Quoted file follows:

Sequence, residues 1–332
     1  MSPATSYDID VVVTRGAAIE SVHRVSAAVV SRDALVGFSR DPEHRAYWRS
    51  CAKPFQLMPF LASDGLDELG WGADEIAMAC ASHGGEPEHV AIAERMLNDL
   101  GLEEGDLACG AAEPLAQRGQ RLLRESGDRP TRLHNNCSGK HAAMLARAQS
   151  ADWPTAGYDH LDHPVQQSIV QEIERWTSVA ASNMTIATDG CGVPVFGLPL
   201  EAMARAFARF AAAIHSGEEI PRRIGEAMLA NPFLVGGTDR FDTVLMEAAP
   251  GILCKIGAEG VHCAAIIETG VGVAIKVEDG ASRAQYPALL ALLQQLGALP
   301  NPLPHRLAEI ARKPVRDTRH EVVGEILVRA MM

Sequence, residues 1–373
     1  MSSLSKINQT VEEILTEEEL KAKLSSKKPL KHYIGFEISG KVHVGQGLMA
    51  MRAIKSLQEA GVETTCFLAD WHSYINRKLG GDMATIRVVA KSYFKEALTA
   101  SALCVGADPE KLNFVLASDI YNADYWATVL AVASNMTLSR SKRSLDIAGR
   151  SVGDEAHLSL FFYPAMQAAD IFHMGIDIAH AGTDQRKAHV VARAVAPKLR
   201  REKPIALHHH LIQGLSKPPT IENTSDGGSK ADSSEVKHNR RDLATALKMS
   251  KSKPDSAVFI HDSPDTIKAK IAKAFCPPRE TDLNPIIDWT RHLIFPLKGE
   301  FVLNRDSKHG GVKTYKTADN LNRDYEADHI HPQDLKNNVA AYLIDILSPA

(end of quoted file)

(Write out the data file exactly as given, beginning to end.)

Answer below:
Sequence, residues 1–332
     1  MSPATSYDID VVVTRGAAIE SVHRVSAAVV SRDALVGFSR DPEHRAYWRS
    51  CAKPFQLMPF LASDGLDELG WGADEIAMAC ASHGGEPEHV AIAERMLNDL
   101  GLEEGDLACG AAEPLAQRGQ RLLRESGDRP TRLHNNCSGK HAAMLARAQS
   151  ADWPTAGYDH LDHPVQQSIV QEIERWTSVA ASNMTIATDG CGVPVFGLPL
   201  EAMARAFARF AAAIHSGEEI PRRIGEAMLA NPFLVGGTDR FDTVLMEAAP
   251  GILCKIGAEG VHCAAIIETG VGVAIKVEDG ASRAQYPALL ALLQQLGALP
   301  NPLPHRLAEI ARKPVRDTRH EVVGEILVRA MM

Sequence, residues 1–373
     1  MSSLSKINQT VEEILTEEEL KAKLSSKKPL KHYIGFEISG KVHVGQGLMA
    51  MRAIKSLQEA GVETTCFLAD WHSYINRKLG GDMATIRVVA KSYFKEALTA
   101  SALCVGADPE KLNFVLASDI YNADYWATVL AVASNMTLSR SKRSLDIAGR
   151  SVGDEAHLSL FFYPAMQAAD IFHMGIDIAH AGTDQRKAHV VARAVAPKLR
   201  REKPIALHHH LIQGLSKPPT IENTSDGGSK ADSSEVKHNR RDLATALKMS
   251  KSKPDSAVFI HDSPDTIKAK IAKAFCPPRE TDLNPIIDWT RHLIFPLKGE
   301  FVLNRDSKHG GVKTYKTADN LNRDYEADHI HPQDLKNNVA AYLIDILSPA